You are 45, that means you have 55 more years to what is likely your maximum age of 100. Your wife may have even more. The US could fall apart somewhere along the way. There could be a terrorist nuclear explosian in some US city. There could be a nuclear war between Israel and Iran. And there could be a whole lot of other bad surprises that I didn't mention, as well as a number of almost certainties that are not contained in FireCalc or any of the rest of the data based tools to estimate survivability. In order that I don't get people telling me "that couldn't happen...", I'll let you fill in your own favorite set of very likely negative changes that will be new for US investors, retirees, medical care consumers, etc.

Some of these things would bite you even if you were working. But I don't think it should be a big surprise to be told that an earned income stream is a great portfolio diversifier.

Ha
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Old 09-18-2010, 08:24 PM   #30
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But one thing to know, we are not dealing here with risk, we are dealing with uncertainty.

....

Some of these things would bite you even if you were working.

Ha
Good point. I've thought about that a few times. So, if some really, really bad thing happens to me, would it make any material difference if I had worked another 5 or 10 years? Probably not.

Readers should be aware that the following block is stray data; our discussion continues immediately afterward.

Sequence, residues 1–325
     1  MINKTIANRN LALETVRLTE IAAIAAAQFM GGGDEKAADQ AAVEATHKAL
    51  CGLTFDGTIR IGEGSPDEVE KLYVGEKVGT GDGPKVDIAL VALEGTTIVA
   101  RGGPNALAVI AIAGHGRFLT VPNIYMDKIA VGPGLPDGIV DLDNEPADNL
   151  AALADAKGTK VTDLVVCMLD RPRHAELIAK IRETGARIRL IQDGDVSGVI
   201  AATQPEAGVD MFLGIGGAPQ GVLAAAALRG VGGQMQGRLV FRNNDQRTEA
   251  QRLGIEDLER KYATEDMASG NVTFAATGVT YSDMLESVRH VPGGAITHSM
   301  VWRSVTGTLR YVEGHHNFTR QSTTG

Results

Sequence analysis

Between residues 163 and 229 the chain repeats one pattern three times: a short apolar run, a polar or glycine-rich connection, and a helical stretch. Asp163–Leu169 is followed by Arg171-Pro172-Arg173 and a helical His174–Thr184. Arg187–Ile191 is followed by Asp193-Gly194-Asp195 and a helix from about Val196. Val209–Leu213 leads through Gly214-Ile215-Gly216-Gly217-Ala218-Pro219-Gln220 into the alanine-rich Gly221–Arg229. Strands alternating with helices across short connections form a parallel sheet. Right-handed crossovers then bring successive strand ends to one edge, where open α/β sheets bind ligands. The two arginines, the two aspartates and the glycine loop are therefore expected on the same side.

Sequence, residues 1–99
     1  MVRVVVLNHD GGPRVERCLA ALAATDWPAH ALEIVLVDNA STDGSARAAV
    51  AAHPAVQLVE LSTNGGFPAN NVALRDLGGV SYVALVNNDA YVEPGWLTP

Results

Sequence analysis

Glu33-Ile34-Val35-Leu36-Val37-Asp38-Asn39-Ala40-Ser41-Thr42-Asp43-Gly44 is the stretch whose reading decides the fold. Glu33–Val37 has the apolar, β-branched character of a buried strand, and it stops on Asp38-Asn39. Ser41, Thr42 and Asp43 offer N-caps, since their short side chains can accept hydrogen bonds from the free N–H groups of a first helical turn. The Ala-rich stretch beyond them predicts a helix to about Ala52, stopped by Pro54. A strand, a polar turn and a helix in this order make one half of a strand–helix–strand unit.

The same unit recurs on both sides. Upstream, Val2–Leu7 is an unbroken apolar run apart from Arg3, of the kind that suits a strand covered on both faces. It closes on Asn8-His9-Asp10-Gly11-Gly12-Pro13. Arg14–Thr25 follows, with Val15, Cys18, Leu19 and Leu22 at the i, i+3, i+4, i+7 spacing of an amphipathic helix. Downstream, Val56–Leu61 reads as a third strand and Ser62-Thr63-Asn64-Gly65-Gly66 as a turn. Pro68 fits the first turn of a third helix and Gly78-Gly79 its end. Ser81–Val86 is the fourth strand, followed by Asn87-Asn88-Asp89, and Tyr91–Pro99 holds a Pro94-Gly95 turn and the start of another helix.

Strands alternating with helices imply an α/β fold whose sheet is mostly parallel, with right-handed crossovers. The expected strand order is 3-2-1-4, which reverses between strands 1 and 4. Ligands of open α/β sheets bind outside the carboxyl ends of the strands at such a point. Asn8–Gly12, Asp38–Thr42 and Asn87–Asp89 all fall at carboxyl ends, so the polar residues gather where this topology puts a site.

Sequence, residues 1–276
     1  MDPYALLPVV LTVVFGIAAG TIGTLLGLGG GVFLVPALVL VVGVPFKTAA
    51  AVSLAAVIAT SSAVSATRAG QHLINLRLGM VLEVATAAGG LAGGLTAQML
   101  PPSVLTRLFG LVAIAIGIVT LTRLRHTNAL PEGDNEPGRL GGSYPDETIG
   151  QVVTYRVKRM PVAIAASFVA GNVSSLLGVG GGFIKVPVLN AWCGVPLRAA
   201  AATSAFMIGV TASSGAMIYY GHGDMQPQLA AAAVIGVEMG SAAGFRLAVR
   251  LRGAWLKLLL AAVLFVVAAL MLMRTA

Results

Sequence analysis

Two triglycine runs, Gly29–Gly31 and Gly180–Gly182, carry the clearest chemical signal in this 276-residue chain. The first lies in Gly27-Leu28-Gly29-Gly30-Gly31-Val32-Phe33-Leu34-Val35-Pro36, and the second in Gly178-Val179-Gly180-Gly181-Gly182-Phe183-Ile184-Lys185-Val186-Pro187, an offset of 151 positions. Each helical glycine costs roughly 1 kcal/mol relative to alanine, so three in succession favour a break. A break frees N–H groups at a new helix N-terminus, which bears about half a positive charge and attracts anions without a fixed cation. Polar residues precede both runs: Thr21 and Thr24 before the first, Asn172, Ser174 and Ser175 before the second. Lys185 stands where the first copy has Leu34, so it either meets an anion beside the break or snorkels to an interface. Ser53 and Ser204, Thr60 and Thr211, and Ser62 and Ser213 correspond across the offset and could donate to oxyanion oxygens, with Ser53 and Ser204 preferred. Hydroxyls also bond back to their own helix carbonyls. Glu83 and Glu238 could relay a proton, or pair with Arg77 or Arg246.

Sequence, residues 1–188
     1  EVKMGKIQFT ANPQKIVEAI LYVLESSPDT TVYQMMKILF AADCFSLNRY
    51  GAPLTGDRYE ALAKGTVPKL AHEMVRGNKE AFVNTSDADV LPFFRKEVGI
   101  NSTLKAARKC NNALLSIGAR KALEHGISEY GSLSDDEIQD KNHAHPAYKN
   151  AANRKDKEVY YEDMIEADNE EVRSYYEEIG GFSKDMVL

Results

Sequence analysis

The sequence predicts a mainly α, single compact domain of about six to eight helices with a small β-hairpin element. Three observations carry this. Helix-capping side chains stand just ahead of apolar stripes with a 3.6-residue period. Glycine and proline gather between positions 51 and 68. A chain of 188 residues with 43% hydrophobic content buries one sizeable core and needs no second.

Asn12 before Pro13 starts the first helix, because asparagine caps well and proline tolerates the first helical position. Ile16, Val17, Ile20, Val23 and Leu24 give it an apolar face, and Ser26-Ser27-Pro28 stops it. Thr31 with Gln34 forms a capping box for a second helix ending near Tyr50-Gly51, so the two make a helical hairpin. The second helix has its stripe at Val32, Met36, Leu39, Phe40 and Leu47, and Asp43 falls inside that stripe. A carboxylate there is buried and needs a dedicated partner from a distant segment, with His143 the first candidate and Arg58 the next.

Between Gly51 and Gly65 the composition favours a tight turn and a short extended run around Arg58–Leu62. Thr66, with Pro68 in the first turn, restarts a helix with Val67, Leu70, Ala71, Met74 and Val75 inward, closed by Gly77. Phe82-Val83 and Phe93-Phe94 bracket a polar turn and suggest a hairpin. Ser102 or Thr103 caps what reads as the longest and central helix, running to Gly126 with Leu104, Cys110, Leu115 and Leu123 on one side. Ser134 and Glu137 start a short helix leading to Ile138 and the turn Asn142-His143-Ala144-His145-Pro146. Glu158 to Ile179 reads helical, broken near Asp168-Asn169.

-ERD50
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Old 09-19-2010, 05:57 AM   #31
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Hi Tom - I am also 45. There seems to be a consensus that 2.5% SWR is OK. The real question is: are you ready to quit your job (that what I ask myself every morning).
Hi Doc - You are exactly right. Since my original post, I have found that I've been left with some commercial real estate and farmland in a trust from a relative that has recently passed away. The tenants have been long term and appear to be pretty stable. Allowing for repairs, taxes, etc., on the properties, the net added income to me will drop my swr to under 2% now.

So, while I am extremely happy about this recent development and I think that this pretty well positions me to be as safe as safe can be before quitting my job, It does really boil down to familiarity and routine bring comfort to us. Not having the same daily routine will be a HUGE change.